Both resolvers and synchros are well known and widely used devices for measuring angular position (see for instance, "Synchro Conversion Handbook " ILC Data Device Corporation, 105 Wilbur Place, Bohemia, N.Y. 11716. Fourth printing, 1985. Library of Congress Catalog Number 74-77038). When coupled with the use of rack and pinion or belt drives, such devices can also measure linear displacement. The common principle used in these devices is that both a movable and a static member, e.g., a stator and rotor, are equipped with electromagnetic poles and associated windings. The relative position of the two members is determined from the relative amplitudes of the signals generated in the windings of the static member caused by driving the winding of the moving member with a sinusoidal electrical signal. All the signals involved have the same electrical phase. However, it is important to note that because the signal information is encoded in the relative amplitude of the two stator signals, relating this information to the desired angle (θ) is a complex process. In addition, it is necessary to employ windings on both the rotor and the stator elements.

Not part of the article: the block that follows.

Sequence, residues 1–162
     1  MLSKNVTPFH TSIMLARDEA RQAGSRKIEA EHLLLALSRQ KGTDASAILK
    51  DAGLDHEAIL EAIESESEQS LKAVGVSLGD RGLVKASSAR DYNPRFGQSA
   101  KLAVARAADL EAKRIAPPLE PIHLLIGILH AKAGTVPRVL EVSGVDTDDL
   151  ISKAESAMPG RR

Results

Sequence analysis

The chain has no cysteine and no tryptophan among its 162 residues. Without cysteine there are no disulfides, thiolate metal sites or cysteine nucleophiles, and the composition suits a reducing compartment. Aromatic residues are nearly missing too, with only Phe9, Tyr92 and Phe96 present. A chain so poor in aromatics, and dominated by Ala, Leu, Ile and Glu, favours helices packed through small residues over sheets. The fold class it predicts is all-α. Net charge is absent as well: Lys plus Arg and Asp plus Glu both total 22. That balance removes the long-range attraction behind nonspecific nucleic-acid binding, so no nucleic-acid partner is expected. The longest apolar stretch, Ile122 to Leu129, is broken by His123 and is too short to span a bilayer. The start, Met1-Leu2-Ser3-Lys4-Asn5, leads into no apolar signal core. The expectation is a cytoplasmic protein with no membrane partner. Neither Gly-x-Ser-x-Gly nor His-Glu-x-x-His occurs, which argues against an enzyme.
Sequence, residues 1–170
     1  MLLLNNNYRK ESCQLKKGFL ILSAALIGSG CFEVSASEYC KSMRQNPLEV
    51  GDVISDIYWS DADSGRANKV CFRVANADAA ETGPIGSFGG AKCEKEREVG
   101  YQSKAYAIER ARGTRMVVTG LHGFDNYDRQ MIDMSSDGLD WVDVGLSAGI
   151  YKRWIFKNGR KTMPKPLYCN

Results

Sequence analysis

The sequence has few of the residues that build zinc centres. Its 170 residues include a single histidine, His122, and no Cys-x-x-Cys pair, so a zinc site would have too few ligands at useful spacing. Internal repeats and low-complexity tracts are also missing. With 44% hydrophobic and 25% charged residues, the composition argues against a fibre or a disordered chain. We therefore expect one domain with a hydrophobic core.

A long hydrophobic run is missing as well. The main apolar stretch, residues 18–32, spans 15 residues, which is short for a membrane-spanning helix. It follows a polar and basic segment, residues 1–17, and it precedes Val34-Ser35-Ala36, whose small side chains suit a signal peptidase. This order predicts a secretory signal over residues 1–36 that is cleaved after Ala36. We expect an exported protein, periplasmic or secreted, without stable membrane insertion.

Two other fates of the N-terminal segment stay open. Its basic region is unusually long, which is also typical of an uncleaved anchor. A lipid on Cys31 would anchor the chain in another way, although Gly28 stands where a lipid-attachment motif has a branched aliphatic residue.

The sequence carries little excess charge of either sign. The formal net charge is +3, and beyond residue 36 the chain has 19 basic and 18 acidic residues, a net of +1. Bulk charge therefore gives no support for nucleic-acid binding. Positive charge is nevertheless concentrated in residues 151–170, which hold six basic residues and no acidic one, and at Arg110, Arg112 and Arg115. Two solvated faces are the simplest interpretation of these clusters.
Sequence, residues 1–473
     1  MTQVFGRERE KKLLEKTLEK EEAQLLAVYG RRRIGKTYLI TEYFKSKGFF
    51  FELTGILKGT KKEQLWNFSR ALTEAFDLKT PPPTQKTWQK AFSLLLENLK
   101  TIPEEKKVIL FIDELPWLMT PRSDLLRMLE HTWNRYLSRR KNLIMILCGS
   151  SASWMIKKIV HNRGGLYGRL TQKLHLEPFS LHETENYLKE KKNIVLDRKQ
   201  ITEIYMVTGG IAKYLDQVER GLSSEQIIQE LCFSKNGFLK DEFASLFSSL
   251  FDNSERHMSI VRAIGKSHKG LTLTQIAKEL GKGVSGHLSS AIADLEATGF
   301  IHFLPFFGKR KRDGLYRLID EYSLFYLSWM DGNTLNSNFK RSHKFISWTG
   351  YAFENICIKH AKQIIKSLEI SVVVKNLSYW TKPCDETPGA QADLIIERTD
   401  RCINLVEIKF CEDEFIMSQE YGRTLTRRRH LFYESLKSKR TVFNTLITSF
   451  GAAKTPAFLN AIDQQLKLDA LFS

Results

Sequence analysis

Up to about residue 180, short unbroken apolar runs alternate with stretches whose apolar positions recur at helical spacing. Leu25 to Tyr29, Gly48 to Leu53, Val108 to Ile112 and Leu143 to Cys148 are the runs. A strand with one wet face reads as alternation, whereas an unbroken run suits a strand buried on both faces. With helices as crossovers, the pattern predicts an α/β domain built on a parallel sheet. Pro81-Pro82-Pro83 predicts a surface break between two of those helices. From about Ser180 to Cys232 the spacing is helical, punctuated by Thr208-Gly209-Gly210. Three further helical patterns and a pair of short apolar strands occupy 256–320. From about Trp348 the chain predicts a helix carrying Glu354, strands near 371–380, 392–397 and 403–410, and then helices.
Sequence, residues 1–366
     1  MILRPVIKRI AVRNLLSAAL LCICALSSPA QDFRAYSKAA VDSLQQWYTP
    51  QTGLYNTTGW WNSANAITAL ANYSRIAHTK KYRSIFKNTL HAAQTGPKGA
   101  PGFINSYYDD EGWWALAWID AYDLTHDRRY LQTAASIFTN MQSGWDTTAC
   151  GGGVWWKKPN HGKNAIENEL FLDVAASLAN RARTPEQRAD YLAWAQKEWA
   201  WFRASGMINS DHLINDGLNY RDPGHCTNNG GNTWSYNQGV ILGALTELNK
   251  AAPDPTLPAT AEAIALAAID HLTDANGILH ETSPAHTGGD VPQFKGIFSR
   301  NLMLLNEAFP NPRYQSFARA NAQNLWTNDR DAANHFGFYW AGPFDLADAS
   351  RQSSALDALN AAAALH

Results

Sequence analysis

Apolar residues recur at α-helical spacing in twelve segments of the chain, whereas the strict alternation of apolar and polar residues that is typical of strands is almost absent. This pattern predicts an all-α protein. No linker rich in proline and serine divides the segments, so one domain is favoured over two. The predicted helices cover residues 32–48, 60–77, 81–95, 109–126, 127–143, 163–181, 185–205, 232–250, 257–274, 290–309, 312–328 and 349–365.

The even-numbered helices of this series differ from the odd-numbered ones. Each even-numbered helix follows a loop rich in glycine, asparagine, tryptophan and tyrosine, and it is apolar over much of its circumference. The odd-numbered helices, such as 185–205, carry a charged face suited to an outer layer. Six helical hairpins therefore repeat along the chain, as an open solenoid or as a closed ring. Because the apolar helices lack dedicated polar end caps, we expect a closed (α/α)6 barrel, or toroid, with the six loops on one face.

Other resolvers are known in which linear displacement or angular position are detected from the phase difference between an output signal and an applied reference signal. For example, U.S. Pat. No. 4,556,886 shows such a linear displacement detector and U.S. Pat. No. 4,754,220 shows such an angular position detector. In both these examples, the output signal is derived from a separate winding on the stationary element of the resolver.
An advantage of detecting position from a phase difference is that the amplitude of the signal involved is irrelevant and the circuitry needed to convert a phase difference to a digital signal is more straightforward than that needed to compare signals with different amplitudes. Accordingly, it is an object of the invention to detect linear displacement or angular position as a phase difference using a minimum number of windings on only one element of a resolver or equivalent structure.